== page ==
*This is a rebuttal to Ramchandra Guha’s article “Letting Azad win” which in my view was a terrible distortion of history and facts. -YLH
By Yasser Latif Hamdani
Ramchandra Guha- the so called Indian Historian- is incapable of telling the truth. It never ceases to amaze me how he continues to distort the facts regarding partition. Now however he has taken desperate tactics using frivolous allegations.
Consider: he thinks Lahore is Kandahar where every woman is in a burqah. Anyone who has been to Lahore knows that this is an incredible lie even by the standards of Ramchandra Guha. Perhaps had he actually bothered to visit Lahore, he would have changed his mind but facts are not what Guha is interested in. He is more interested in weaving an India-shining myth and in the process he will go to any lengths to lie about the facts. For almost similar populations in terms of size – Pakistani Muslims are about 170 million and Indian Muslims number a few million less- there are three times as many Muslim women in Pakistan than in India who are doctors, engineers, pilots, businesswomen, fighter-pilots, artists and indeed fashion and media. I would also venture to take a guess and say that more Muslim women in Pakistan are out of Burqah than in India. So much for Ramchandra Guha’s bigoted lies.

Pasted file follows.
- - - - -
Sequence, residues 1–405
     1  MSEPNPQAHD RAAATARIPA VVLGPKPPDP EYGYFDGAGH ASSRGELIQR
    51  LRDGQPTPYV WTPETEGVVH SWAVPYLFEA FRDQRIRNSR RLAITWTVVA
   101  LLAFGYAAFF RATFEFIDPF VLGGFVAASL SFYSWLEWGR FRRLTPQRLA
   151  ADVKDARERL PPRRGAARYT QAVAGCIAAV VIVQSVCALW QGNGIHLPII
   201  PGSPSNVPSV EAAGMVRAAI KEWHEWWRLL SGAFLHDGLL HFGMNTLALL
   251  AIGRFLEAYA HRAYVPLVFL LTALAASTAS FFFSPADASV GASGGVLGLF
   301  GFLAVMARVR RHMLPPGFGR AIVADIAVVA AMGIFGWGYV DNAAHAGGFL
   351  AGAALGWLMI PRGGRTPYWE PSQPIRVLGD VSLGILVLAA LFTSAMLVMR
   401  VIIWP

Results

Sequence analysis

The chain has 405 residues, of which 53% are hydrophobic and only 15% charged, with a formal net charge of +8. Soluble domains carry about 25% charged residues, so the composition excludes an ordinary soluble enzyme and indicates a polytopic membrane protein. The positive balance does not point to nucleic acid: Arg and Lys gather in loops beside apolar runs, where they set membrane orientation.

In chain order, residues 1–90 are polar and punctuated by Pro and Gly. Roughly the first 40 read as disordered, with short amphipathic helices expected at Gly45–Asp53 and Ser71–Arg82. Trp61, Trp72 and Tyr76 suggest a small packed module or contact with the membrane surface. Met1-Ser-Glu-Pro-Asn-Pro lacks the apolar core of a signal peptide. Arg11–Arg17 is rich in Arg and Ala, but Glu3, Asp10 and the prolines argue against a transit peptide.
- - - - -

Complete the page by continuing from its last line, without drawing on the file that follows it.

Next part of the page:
Even otherwise Lahore is hardly a communal ghetto that Guha imagines it to be. To this end it is instructive to quote Aakar Patel’s impressions on his visit to Pakistan during the famous 2004 series between Pakistan and India which is closer to the truth:
Punjabi, Gujarati, Pushtun and Urdu spoken on one side; Punjabi, Gujarati, Urdu, Bengali, Marathi, Telugu, Tamil and Haryanvi on the other. There was a Christian and a Hindu doing battle for the Islamic Republic of Pakistan, one crossing himself as he crossed 50; the other touching dirt to his forehead as he began a new spell.
The newspaper Nawa-e-Waqt is the keeper of the Pakistan ideology, the guardian of the Two-Nation theory. Its Sunday edition during the Multan test had a full page feature on the one player in the contest that the editor picked as a good Muslim. The man said his prayers all five times and spoke of the peace and calm that came over him when he entered the ground after kneeling to God.